That view is spectacular as well, albeit clouded by the haze. Singapore has the sort of futuristic skyline a 1970s sci-fi novel might have imagined. Despite the country’s staid reputation, the architecture is ambitious in scale and impressive in sight. The Marina Bay Sands development, for example, is three huge skyscrapers with what can only be described as a large cruise ship plonked across the top. The hotel’s (uncrowded) infinity pool at the top is impressive, and gives an amazing view of the nightly laser show in the bay.
The only exception to the city’s uncrowded rule appears to be the roads. Travel at the wrong time and you can be stuck in slow-moving traffic for what seems like hours. Singapore’s mildly autocratic overlords try to manage the problem by curbing the number of cars on the roads through a licensing scheme. It hasn’t worked. At last count, a licence for a small car cost about £33,000, but still they sell out every time. A lesson, perhaps, for road pricing zealots in Britain. You can rack up the charges but people will still pay insane amounts of money to sit, unperturbed by the squalor of others, in the privacy of their own car, even if they are not going anywhere fast.
Mercifully, escape from a sweaty car journey is never far away. Singapore is awash with water parks. Ask Isobel the highlight of her holiday and she will answer simply “water fun”. There are kids’ water parks at the zoo, in the bird park, at the Marina Bay Gardens and almost everywhere else. There are also larger, stand-alone water parks, the biggest of which is the incredible Adventure Cove. I would not call this exclusively a kids’ water park because the adults in attendance seemed to be having just as much fun – even those who couldn’t swim. (An alarming number of adults were wearing life jackets.)
We both loved the place so much we stayed for a toe-crinkling five-and-a-half hours, leaving us late for dinner at the nearby Ocean restaurant. This upmarket eatery (no flip-flops allowed) allows you to dine on exquisite sushi in front of a water tank so big it seemed to contain half the Indian Ocean. For those unperturbed by seeing a distant cousin of their dinner swim by, the lobster dumplings are divine.
Both Ocean and Adventure Cove are on Sentosa island, which is part of Singapore’s seemingly never-ending expansion into the sea. The man-made island, which can be reached and toured by a dizzyingly high cable-car ride, is dedicated to family tourism.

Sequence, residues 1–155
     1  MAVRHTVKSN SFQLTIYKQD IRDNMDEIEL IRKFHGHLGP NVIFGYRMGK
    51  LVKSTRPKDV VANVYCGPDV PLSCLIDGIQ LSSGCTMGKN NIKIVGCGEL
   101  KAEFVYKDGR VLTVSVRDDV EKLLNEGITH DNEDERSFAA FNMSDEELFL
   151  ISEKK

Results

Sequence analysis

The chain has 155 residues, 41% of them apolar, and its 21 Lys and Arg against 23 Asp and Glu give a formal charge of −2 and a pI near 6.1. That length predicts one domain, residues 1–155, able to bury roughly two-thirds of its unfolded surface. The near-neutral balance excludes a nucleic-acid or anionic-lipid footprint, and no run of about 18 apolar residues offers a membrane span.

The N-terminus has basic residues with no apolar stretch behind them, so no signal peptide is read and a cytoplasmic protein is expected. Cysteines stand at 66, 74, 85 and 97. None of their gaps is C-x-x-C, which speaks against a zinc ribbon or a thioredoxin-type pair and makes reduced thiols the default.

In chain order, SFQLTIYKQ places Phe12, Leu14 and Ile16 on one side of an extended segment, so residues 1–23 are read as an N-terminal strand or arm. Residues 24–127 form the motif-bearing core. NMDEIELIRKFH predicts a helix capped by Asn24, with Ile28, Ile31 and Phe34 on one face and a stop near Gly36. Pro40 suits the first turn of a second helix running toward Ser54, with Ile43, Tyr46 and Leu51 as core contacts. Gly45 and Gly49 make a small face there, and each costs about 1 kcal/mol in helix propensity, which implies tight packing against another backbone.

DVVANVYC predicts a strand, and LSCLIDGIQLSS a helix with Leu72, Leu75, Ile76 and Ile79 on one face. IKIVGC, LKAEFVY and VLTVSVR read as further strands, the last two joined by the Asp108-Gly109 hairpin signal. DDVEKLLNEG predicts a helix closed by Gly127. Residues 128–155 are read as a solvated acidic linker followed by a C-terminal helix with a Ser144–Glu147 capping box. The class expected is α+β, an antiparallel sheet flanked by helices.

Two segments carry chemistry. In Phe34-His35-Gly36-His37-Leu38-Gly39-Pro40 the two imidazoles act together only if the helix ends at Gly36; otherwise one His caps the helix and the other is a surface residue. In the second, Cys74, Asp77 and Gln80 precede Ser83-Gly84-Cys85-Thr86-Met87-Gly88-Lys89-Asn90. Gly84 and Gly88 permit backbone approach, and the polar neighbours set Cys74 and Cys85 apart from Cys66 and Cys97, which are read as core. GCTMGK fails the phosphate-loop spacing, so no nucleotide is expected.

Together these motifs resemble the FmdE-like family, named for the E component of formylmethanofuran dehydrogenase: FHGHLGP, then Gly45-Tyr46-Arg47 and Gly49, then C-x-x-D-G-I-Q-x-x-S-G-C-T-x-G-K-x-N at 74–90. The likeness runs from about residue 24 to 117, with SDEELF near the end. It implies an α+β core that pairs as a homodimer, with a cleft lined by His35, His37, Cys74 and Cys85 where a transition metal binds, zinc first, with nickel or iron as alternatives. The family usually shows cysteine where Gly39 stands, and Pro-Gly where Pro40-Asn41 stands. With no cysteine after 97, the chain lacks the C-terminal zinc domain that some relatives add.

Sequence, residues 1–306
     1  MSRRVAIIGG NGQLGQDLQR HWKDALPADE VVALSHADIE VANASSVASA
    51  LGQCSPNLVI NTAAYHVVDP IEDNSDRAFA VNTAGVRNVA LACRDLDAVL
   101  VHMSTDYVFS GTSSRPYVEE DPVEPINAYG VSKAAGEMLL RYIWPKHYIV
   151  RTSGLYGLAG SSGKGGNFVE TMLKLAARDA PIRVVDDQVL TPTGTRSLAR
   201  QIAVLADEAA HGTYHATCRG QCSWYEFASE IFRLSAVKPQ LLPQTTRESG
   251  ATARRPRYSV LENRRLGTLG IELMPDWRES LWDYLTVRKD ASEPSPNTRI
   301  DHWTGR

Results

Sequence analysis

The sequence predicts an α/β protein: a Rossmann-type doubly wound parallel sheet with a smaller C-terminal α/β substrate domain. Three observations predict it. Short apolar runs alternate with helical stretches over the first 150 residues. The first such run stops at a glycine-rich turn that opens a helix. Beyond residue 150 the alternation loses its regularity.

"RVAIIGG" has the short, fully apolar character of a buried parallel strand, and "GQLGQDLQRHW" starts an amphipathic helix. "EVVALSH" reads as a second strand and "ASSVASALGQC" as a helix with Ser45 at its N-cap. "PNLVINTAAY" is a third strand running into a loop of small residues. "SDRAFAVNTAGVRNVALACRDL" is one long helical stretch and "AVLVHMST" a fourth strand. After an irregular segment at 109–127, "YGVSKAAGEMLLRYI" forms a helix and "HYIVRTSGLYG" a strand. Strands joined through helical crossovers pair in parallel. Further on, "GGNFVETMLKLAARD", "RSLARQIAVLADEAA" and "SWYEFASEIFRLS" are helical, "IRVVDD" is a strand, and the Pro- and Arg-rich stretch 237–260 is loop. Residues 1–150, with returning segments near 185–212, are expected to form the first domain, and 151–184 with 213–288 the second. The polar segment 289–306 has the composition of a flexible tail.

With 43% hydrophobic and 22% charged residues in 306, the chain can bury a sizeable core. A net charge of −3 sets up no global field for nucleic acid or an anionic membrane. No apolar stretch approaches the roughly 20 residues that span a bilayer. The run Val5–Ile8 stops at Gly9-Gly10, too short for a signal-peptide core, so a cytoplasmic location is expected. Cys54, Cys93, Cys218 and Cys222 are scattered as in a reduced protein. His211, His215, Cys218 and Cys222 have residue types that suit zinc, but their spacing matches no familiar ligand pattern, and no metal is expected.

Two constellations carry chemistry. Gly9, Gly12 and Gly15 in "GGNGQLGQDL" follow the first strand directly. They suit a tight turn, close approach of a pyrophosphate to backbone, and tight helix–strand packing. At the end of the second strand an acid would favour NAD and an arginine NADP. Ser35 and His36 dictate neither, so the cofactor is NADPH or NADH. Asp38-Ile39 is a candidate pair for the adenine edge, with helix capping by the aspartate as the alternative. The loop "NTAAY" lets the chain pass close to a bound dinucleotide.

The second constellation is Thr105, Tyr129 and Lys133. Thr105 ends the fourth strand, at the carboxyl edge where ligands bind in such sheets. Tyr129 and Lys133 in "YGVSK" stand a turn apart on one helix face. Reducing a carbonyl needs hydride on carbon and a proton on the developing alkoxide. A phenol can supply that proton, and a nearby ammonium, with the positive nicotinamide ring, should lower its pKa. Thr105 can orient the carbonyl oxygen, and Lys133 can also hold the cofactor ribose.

One of the main attractions is the Universal Studios theme park, which offers a day of Hollywood-inspired fun with zones and rides dedicated to kids’ films including Shrek and Madagascar. Think Alton Towers but without the rain and half-term queues.
There’s also nature on Sentosa, which — as with many places in Singapore — has been supremely manicured. Bays of picture-perfect Thai-style beaches have been created along the southern coast, complete with overhanging palm trees. The beaches were mostly deserted and families could easily decamp here with a bucket and spade for a few days of relaxing. But as you sit on the sand imported from Indonesia don’t count on getting a tan. The other less-welcome import from that part of the world sees to that; the haze acts as a very effective factor-50 sunscreen in the sky.
There is a natural beach at Changi Park on the east of the island, but its nearness to the airport (basically at the end of the runway) somewhat lessens the tropical getaway experience.
So we stuck with the man-made stretches of sand. At Singapore’s other main stretch of beach along the southeastern coast, we found, alongside skate parks and watersports, the buzzy East Coast Lagoon Food village. An evening visit is a must for any foodie, with scores of stalls selling every manner of Asian cuisine. The local favourite is chilli crab, at least judging by the queues, and it certainly does not disappoint. It so delicious even Isobel devoured it. Her favourite Spider-Man t-shirt is unlikely to recover from the experience.
If you hadn’t realised that Singapore did beaches, you may be even more surprised to hear it also does jungle — and not only of the concrete variety. Bukit Timah Nature Reserve is one of only two urban rainforests in the world, with the other in Rio de Janeiro. This being Singapore, a concrete path has been laid, but there are plenty of side trails plunging deep into the forest, giving scope for amateur explorers. My advice is to watch out for the flying lemurs; these bat-like creatures can glide with menace.
We enjoyed a more orderly botanical experience at the Gardens by the Bay, Singapore’s answer to the Eden Project. The two massive domes are spectacular inside and out. One is a cloudy rainforest experience, the other dedicated to flowers. Low-flying selfie sticks are the only menace here. We ended our trip by walking the short distance to the barrage at the end of the peninsula to join local families flying kites in front of the spectacular backdrop of the city.
Sitting here, enjoying the cooling sea breeze, I contemplated the end of our holiday (and 12-hour flight home) and realised how wrong I was to dismiss Singapore as an oversized airport terminal. Yes, there are more shopping malls here than any city can conceivably need, but there is so much more besides. In fact, Singapore has all the qualities — aside from its distance from Britain — that you might look for in a family holiday. Provided you don’t mind inhaling a bit of Indonesian smoke in the process.